The remaining key part of the argument appears to be whether or not the US should get Assad's permission to perform military operations, including utilizing an air base in north-eastern Syria.

Note my reply to Benjamin on this topic at After you read that post you might give an argument as to how we will move forward on Syria when we have Russia blocking action in the UN, a Russia that does not appear to worry about international law elsewhere as in Crimea and Ukraine, and a Russia that has been bombing groups that the US and other Middle East nations expect to be part of a new Syrian government.

by: Ray from: US
January 25, 2016 16:25
Not sure why you take the FT report at face value. The Kremlin leadership has repeatedly expressed its support for Assad. To then make the claim that Putin has lost influence over its “disobedient client” Assad is simply ludicrous. Moreover, one would think that after the glorious successes in Iraq and Libya, Western leaders might comprehend the value of leaving a corrupt autocrat in charge.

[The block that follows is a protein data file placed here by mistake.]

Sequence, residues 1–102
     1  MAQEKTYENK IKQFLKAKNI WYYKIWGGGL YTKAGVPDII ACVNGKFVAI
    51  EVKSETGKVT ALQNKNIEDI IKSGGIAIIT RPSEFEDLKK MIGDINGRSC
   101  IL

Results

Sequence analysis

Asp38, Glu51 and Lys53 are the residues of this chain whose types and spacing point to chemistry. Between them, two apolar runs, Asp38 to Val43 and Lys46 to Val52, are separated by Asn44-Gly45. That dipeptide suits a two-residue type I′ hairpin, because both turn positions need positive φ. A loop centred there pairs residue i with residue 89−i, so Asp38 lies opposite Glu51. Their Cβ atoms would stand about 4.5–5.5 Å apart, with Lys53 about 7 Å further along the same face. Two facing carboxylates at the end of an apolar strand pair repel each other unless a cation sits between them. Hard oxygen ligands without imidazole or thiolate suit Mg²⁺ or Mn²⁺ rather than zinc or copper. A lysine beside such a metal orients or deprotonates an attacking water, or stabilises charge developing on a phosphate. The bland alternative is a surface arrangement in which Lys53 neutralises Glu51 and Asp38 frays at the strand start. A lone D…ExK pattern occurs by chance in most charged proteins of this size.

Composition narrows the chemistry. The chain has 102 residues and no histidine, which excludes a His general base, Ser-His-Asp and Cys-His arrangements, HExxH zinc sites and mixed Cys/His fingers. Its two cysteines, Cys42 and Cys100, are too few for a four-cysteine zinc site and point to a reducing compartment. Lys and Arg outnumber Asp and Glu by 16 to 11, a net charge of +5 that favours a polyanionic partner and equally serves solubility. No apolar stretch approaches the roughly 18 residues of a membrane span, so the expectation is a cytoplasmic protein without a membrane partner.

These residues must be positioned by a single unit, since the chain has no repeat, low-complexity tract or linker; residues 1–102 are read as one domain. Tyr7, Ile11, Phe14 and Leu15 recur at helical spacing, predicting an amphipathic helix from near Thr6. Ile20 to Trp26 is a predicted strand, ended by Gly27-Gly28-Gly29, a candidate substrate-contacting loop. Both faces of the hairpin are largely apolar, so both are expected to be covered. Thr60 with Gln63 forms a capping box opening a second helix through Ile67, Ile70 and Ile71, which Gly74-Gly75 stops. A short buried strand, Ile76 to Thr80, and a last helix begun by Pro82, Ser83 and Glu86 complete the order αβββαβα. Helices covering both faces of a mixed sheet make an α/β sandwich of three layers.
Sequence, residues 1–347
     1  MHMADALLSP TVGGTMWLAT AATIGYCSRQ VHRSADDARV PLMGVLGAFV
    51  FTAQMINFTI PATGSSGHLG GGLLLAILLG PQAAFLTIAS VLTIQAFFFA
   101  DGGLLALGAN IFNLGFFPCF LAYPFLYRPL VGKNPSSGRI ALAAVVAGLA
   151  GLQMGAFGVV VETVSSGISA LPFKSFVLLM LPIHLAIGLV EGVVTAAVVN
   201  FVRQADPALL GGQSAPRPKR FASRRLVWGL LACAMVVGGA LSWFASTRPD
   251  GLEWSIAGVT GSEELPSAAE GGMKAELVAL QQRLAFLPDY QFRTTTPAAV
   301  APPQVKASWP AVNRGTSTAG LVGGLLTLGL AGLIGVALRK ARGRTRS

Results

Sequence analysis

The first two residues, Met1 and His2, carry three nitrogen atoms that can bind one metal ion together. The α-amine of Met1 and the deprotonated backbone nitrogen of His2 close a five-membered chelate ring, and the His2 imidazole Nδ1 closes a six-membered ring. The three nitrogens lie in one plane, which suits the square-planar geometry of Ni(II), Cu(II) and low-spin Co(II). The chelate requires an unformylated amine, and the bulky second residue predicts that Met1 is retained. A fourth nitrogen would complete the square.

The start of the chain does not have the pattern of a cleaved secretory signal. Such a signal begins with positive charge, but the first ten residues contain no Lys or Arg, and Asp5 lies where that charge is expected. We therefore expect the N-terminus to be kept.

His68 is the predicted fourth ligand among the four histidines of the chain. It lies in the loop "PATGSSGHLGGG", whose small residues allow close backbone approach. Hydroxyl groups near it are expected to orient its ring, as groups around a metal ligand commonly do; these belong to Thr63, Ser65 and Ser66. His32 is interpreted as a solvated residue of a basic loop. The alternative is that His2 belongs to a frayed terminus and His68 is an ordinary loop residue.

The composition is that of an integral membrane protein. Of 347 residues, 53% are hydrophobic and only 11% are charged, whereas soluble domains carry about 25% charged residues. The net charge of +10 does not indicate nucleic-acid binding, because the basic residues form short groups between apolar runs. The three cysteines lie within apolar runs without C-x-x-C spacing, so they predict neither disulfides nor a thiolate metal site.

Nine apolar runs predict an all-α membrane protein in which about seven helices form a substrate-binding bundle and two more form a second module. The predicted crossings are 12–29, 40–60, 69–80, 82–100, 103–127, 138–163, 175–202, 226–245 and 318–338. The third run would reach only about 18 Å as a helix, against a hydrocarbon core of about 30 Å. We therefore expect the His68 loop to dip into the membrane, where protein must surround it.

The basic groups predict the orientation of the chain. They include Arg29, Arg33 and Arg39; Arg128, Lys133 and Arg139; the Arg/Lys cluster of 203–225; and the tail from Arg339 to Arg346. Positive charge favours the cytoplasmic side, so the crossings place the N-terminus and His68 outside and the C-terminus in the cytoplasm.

by: james jeame jema from: Santa Monica
January 26, 2016 00:40
It is foolish to believe that Obama is in condition to dictate what should happen in Syria. Who is Obama? A judge speaking on behalf of the world?
Obama has created so much suffering that he should be in hiding instead of trying to rule over the world.

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The Power Vertical is a blog written especially for Russia wonks and obsessive Kremlin watchers by Brian Whitmore. It offers Brian's personal take on emerging and developing trends in Russian politics, shining a spotlight on the high-stakes power struggles, machinations, and clashing interests that shape Kremlin policy today. Check out The Power Vertical Facebook page or